What is a Trust and What is a Will?

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Will is a document that you create to tell others what you’d like to have happen to property in your personal name at the time you pass away. All Wills must go through the Probate process, so practically speaking, a Will tells a Probate Judge what to do with your property when you pass away. A key thing to remember is a Will only governs property that’s in your personal name. 


A Will is also the place to nominate a guardian for a minor child. In the event parents of a minor child pass away, a Will that includes a guardianship nomination helps the Judge decide who the parents would have wanted to step in and raise the children. 


Related post: 5 Mishandled Celebrity Estate Planning Cases


A Trust is an entity that you create and fund with your property. It exists to serve you and ensure that your property passes on to your loved ones exactly how you want it to, and in a way that’s most beneficial to them. One of the main ways a Trust serves you is by avoiding the Probate process. Probate is triggered when you pass away with property in your personal name. A Trust avoids this by holding on to your property in its name, so that when you pass away there is nothing legally in your personal name, and thus nothing needs to go through the Probate process. 


Importantly, because what a revocable Trust does is split legal and equitable title, whatever you put into the Trust while you’re alive is freely removable at any time. You can transfer property into the Trust, take it out, sell it, exchange it, etc., without limitation or any added headache. However, when you pass away the Trust becomes irrevocable and the property in the trust name is locked down. In the Trust documents we will have laid out exactly what to do with property when you pass away, so all that’s left to do at that point is carry out your wishes, without needing to involve a Court at all.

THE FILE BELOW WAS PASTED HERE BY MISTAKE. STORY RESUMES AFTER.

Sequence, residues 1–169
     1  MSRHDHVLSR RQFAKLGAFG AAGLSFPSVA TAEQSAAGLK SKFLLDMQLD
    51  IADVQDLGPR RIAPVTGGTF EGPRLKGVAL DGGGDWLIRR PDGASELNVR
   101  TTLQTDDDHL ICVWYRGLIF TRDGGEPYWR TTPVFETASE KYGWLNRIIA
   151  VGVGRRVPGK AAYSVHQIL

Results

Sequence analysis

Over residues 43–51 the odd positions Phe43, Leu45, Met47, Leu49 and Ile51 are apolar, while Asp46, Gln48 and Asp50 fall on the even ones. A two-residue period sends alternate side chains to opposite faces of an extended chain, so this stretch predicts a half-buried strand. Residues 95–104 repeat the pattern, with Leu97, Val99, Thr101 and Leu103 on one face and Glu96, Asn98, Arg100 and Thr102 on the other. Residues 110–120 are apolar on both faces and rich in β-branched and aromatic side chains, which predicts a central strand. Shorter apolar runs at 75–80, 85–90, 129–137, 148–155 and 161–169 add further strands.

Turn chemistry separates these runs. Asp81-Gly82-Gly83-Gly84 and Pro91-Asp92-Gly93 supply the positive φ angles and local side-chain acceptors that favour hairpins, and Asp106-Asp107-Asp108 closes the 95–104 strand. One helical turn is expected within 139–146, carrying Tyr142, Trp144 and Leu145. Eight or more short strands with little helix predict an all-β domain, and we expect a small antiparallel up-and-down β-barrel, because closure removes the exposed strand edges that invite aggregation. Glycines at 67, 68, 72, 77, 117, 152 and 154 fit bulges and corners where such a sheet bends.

Now you may think to yourself, do I really need both? A Trust can control property you put into it, but it cannot control property in your personal name. Let’s say you created a Trust and forgot to transfer a piece of property into the Trust, or for some reason the property fell out of the Trust (refinancing is a common reason), that means the property is in your personal name. We always include a Will to go along with the Trust and the purpose is to catch that property in your personal name and pour it into the Trust, so that your wishes are ultimately adhered to. 


If you are ready to set up your Trust or Will, or if you want to know which one is best suited to meet your needs, contact our office today to schedule your free strategy session.[/vc_column_text][wgl_spacing spacer_size=”17″][/vc_column][/vc_row][vc_section content_placement=”middle” el_class=”acenter”][vc_row content_placement=”middle”][vc_column][wgl_spacing spacer_size=”40px”][wgl_button button_text=”Free Strategy Session” align=”center” bottom_mar=”0″ extra_class=”btn-blue” link=”url:https%3A%2F%2Fjjlawca.com%2Fcontact%2F|title:Learn%20More” inline=”true”][/vc_column][/vc_row][vc_row el_class=”box-shadow z-index-1 ohidden acenter contact-form-main” css=”.vc_custom_1618009956796{margin-top: 40px !important;padding-top: 60px !important;padding-right: 40px !important;padding-bottom: 30px !important;padding-left: 40px !important;}”][vc_column][contact-form-7 id=”335″][/vc_column][/vc_row][/vc_section][vc_row][vc_column][wgl_spacing spacer_size=”30″][vc_column_text]

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Michael Jenkins

Michael Jenkins

Estate planning became personal to Michael when his father passed away suddenly without any plan in place. Since that day Michael has made it his mission to educate everyone on the need for an estate plan, provide the legal advice and guidance needed, and ensure that no family is left dealing with estate issues while grieving the loss of a loved one.


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